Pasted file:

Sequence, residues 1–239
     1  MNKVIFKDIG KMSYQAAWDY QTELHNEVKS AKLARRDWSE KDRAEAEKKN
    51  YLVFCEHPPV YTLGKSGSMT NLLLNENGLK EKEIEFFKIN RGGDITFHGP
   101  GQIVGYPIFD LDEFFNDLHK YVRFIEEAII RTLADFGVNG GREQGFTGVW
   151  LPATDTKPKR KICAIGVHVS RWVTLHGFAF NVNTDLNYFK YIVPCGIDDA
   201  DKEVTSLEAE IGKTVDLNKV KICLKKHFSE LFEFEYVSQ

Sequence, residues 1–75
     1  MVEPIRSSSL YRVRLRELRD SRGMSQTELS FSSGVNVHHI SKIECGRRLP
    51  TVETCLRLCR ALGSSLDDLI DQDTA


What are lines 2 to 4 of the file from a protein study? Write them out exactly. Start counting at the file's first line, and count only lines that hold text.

     1  MNKVIFKDIG KMSYQAAWDY QTELHNEVKS AKLARRDWSE KDRAEAEKKN
    51  YLVFCEHPPV YTLGKSGSMT NLLLNENGLK EKEIEFFKIN RGGDITFHGP
   101  GQIVGYPIFD LDEFFNDLHK YVRFIEEAII RTLADFGVNG GREQGFTGVW